Spring is in the air. You can feel it deep in your sinus cavities, no? Mmmmm, pollens, grasses, and insects! Grasses. Let’s think about that. Grass. Cannabis. Hops! Hops, folks, let’s talk about hops. They’re all fluffy and full of alpha acids that add aroma and bitterness to that delicious glass of beer you have in your little paws. And what better way to get down with the hop than by drinking copious amounts of IPA?
IPAs can be notoriously difficult to pair with cheese- they can absolutely destroy your palate with bitter-y goodness, making the nuances of more delicate cheeses (or, sometimes, anything else) difficult to discover. Heartier, bolder, roughneck cheese is what we’re gonna have to find here. Or is it? Let’s hop to it…
While not my most favored style of beer, for you, my sweet audience (yes all six of you), I drank copious amounts of IPA in the last two (four?) weeks. And you know what? I’m totally OK with that. Think I’ll make it a springtime tradition. Seriously, about 20 different IPAs have come through my door recently, not to mention the dusty taps I’ve sampled throughout NYC in that time. Narrowing down all the notes I took, I’m presenting here three that give us a sample of the IPA diaspora available out there for all you thursty turkeys. But first, history! Or what I believe to be history…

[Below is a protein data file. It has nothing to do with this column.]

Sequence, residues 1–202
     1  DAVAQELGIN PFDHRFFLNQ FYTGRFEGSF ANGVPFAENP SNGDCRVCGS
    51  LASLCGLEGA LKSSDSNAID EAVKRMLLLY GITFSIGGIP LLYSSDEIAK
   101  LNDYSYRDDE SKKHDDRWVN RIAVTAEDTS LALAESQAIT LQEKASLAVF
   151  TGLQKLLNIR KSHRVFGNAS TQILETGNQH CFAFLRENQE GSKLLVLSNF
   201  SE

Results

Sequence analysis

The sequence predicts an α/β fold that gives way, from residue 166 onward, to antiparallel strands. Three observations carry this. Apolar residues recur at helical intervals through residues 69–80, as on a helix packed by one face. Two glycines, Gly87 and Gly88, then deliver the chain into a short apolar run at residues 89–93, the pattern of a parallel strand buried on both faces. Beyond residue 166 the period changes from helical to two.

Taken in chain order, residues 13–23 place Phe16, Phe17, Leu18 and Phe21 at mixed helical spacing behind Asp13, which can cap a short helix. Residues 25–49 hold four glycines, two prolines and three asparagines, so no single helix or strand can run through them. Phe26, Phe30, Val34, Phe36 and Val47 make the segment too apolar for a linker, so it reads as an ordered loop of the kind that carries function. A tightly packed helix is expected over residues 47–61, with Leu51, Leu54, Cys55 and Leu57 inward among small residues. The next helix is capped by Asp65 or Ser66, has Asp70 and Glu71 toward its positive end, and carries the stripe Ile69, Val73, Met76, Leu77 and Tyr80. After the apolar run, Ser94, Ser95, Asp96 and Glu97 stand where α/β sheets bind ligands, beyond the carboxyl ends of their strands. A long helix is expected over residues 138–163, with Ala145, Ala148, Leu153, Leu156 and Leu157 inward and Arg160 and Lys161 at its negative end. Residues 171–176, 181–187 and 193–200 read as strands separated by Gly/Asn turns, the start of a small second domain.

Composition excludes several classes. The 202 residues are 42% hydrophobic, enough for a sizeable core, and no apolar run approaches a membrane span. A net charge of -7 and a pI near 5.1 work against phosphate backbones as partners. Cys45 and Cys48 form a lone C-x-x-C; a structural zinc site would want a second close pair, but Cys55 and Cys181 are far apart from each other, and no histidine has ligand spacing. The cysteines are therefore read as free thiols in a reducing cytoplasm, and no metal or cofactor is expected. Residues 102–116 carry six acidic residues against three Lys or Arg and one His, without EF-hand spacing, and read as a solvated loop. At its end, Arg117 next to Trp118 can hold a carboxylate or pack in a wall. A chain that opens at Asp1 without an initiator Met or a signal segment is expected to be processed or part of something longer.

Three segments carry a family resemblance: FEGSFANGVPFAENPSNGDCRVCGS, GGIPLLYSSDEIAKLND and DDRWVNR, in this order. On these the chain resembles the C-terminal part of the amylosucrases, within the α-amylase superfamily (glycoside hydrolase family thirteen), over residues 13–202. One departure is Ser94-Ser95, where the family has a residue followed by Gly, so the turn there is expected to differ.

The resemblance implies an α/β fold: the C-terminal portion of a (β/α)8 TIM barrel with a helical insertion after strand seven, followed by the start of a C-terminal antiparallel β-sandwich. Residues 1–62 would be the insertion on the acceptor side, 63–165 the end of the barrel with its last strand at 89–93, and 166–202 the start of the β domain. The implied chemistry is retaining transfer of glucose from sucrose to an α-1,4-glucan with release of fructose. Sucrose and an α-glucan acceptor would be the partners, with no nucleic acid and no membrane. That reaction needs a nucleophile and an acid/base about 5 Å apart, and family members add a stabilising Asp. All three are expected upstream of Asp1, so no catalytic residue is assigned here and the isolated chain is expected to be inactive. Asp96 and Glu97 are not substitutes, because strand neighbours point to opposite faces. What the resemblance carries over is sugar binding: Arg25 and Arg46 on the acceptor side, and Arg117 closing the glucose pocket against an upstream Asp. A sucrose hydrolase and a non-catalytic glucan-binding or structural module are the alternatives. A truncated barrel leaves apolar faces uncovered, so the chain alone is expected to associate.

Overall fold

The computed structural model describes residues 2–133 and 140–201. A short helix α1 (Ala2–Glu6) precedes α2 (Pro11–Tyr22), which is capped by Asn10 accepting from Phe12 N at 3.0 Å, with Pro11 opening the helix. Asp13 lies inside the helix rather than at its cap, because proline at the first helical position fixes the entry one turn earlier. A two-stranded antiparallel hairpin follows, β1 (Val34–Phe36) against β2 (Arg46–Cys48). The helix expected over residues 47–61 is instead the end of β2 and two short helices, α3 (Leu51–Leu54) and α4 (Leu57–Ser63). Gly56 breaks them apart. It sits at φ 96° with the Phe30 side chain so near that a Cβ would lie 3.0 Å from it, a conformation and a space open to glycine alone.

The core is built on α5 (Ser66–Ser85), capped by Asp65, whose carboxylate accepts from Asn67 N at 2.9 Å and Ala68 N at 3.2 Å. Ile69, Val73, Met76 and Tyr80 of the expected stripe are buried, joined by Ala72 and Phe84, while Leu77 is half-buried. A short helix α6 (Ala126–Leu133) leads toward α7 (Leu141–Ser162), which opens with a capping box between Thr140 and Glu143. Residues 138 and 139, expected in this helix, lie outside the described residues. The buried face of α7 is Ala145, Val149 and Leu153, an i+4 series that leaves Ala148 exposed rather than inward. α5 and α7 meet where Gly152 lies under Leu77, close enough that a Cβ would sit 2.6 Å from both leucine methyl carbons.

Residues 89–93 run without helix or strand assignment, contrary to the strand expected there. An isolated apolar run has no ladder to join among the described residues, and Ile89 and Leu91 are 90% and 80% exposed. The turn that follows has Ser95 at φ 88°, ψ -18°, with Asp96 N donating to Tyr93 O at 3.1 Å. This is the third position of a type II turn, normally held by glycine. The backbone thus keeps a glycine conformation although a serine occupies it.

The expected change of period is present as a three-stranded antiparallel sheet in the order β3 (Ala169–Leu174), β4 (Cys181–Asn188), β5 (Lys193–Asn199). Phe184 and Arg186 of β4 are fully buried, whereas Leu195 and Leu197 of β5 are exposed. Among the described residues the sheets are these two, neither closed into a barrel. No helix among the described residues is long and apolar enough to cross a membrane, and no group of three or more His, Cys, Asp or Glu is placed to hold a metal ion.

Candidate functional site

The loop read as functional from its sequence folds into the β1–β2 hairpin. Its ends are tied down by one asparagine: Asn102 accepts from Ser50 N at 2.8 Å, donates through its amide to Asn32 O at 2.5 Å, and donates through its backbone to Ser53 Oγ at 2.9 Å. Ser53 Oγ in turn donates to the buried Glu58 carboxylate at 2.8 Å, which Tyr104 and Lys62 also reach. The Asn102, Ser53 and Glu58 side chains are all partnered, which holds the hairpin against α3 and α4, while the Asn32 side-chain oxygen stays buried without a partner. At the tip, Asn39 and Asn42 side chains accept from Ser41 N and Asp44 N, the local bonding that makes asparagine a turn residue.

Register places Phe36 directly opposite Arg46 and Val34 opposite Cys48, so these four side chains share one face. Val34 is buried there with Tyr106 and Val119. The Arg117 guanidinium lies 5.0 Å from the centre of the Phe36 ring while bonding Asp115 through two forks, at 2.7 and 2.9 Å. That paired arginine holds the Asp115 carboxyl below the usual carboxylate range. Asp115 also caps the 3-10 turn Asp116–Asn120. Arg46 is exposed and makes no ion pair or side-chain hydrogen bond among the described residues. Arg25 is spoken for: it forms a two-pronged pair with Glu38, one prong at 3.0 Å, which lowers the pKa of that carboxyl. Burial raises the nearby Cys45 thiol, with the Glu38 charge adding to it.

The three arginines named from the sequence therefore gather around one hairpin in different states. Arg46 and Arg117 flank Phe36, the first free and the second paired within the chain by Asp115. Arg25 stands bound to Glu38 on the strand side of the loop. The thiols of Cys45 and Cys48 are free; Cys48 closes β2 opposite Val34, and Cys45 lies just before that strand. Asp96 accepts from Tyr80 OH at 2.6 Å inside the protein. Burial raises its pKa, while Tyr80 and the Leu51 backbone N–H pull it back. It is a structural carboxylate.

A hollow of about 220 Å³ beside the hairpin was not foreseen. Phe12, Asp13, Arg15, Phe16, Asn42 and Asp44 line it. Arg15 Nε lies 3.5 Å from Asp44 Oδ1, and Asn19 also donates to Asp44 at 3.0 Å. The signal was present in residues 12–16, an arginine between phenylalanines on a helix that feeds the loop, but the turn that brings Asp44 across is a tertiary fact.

One night while out imbibing, I met an elderly English cat who told me the story of IPA, which goes something like this: the British were in India during the 19th century and they wanted ales from the motherland. The travel by boat would end up compromising the flavor of those pale ales, so they began adding hops to each barrel of beer to preserve its flavor for when it finally landed on the sub-continent. These beers would take on a particularly bitter character by the time it got to the Brits (ever read the Flashman books? I always of him when I drink IPAs), thus was born the India Pale Ale. Bless the English and their imperialist ways. So they would have a more bitter beer, but they always had a more mellow brewing style than we know today, with hops that held a lighter alpha acid content, like Kent Golding or Fuggle. So what do we do here in the ol’ USofA? MORE MALT MORE HOPS MORE ALPHA ACID!!!!! IPA has become a chance for American craft brewing to blow your taste buds right outta the top of your skulls. No more is this evidenced than on the west coast, where some of the biggest and gnarliest IPAs reside. So in between downloading the 1980s Motley Crüe catalog and checking out baseball scores, I found some time to think and drink. IPA folks! Let’s get bitter, and not in a holiday family function kind of way.